The head of the Brain and Cognitive Sciences Department at MIT—James DiCarlo—eventually released a second statement saying that he had checked on the status of Henry’s research data and concluded that the data was “maintained and not destroyed.” If this is true, it means that Corkin was not telling the truth when she spoke with me. If it is not true, it means that Corkin was telling the truth. Either scenario is troubling.
I have an update on the shredding matter: After DiCarlo announced that no files had been shredded, Donald MacKay, a UCLA cognitive psychologist, wrote DiCarlo and said that he was happy to learn “that no records from the MIT H.M. Project were actually destroyed.” Then he continued: “On the assumption that MIT can now make those records available to competent researchers, this note comes to request two specific categories of data that almost certainly exist in Professor Corkin’s HM files,” specifically some of Henry’s crossword-puzzle books and his Beck Depression Inventory questionnaires. DiCarlo responded by saying that he would look into the records request and get back to him soon. As of now, many, many months later, MacKay still has not received any of the data he requested.
If MIT wishes to lay this question to rest, they should do something they have been unwilling to do: Release whatever is left of Henry Molaison’s research data, and make it publicly accessible.
Audio Interview with Suzanne Corkin
A Question of Consent
Around 300 B.C., in Alexandria, Egypt, the pioneering anatomists Herophilus and Erasistratus undertook a series of experimental human dissections. Most of the people they dissected were dead, but some were not. As a Greek historian later wrote, “they laid open men whilst alive—criminals received out prison from the kings—and whilst these were still breathing, observed parts which beforehand nature had concealed.” A couple thousand years later, a British physician named Edward Jenner repeatedly injected his gardener’s young son with the deadly smallpox virus, hoping that the virus would be defeated by a home-grown vaccine he’d developed. In 1951, a woman named Henrietta Lacks, dying of cervical cancer, had some cells removed from her uterus without her knowledge, and those cells eventually multiplied and propagated into the immortal HeLa line, which is still used in laboratories around the world.
All of these cases, different as they were in details and degrees of horror, had at least one thing in common: each involved human research subjects who gave no meaningful informed consent. That is, they either didn’t know they were being subjected to experiments, or they were in a vulnerable position that made true consent impossible. The concept of informed consent has evolved over the years—its modern roots can be traced to the Nuremberg Trials, which exposed the experimental brutality perpetrated by Nazi doctors in concentration camps—but today it’s recognized as an essential cornerstone of all work involving human research subjects. Without informed consent, history makes clear, terrible things can happen.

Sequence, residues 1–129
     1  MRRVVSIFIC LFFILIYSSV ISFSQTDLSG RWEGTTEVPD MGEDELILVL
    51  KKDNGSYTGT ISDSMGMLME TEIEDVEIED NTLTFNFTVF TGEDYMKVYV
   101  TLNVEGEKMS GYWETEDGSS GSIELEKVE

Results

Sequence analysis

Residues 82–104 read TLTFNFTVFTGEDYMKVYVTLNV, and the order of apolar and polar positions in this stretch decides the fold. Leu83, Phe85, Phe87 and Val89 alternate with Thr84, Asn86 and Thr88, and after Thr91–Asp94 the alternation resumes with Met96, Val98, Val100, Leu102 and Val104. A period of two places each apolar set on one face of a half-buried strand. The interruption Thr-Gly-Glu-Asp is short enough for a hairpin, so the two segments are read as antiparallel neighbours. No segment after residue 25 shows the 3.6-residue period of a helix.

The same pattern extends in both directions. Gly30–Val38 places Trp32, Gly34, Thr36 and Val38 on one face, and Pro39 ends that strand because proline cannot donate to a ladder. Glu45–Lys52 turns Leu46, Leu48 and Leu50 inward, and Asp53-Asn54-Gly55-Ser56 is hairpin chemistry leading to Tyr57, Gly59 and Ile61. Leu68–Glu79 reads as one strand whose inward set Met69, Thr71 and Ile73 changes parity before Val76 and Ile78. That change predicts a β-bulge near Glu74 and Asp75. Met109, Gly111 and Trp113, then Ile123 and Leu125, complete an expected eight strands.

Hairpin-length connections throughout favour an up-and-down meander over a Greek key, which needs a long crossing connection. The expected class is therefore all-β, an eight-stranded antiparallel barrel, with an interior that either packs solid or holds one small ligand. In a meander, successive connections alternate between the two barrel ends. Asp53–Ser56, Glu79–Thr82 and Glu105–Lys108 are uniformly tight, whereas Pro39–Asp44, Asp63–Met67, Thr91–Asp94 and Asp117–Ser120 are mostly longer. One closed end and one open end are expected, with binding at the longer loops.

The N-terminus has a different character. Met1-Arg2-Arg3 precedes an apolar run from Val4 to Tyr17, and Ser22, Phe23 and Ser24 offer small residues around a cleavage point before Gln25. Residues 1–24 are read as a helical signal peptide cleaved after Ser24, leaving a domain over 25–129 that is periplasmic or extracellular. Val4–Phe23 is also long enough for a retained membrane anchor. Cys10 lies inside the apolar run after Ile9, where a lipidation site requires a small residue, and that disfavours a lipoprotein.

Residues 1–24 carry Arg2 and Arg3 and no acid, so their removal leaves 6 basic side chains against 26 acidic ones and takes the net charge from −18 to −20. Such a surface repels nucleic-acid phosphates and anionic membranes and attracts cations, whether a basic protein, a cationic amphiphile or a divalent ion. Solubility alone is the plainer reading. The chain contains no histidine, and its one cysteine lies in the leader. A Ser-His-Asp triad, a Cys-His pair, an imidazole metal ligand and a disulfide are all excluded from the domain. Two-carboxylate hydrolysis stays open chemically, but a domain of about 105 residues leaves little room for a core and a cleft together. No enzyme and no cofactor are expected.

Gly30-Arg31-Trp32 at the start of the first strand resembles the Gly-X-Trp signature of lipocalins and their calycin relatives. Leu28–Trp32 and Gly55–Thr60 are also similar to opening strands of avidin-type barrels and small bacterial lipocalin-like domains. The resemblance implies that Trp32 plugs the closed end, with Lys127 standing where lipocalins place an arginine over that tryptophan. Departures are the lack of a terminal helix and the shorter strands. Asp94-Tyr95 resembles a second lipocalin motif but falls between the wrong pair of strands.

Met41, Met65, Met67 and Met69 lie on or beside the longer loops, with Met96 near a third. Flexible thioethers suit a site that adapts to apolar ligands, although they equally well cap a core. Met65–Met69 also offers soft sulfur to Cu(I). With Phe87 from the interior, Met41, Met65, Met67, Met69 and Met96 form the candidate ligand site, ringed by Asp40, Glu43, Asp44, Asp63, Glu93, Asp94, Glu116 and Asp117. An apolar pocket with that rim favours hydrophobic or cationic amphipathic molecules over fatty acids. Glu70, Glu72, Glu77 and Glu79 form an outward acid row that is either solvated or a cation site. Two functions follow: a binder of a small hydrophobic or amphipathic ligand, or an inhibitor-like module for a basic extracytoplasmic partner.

While researching my book about Henry Molaison, the most important human research subject of all time, I was startled to find evidence that that the principle of informed consent was violated in his case, too. The Massachusetts Institute of Technology oversaw what it called “An MIT Research Project entitled ‘The Amnesic Patient H.M.’” during the last four decades of Henry’s life, and Henry would spend as long as a month every year living at the university’s Clinical Research Center, where he participated in research ranging from dream studies to tests of his ability to withstand pain. During much of this period, Henry himself was the only one signing his informed consent forms. That’s difficult to justify, since not only would he forget the beginning of a single-page document by the time he reached its end, but the lesions in Henry’s brain also made him much more docile, neurologically predisposed to consent to almost anything.
Eventually, MIT did recognize that Henry’s deficits, “raised the nagging question of how we obtained informed consent,” and the university arranged for a man who claimed to be Henry’s closest living next of kin to apply to become his conservator. For the last sixteen years of Henry’s life, this man signed Henry’s informed consent forms, and also agreed in advance to donate Henry’s brain to MIT after his death. The problem is, Henry’s conservator was not in fact Henry’s next of kin, and MIT never appears to have made an effort to find Henry’s real closest living relatives, as I discovered when I myself tracked them down.
Interestingly, none of the statements issued by MIT in the wake of my book even contain the word “consent.” The closest the university came to addressing the matter was in a statement which declared that, although “Dittrich identifies some individuals who were genetically closer to Mr. Molaison” than his conservator, there was nevertheless “nothing untoward” about the conservatorship process. When a research institution steps so gingerly around the question of consent, it’s hard not to wonder whether this is because it’s a question for which they don’t have any good answers.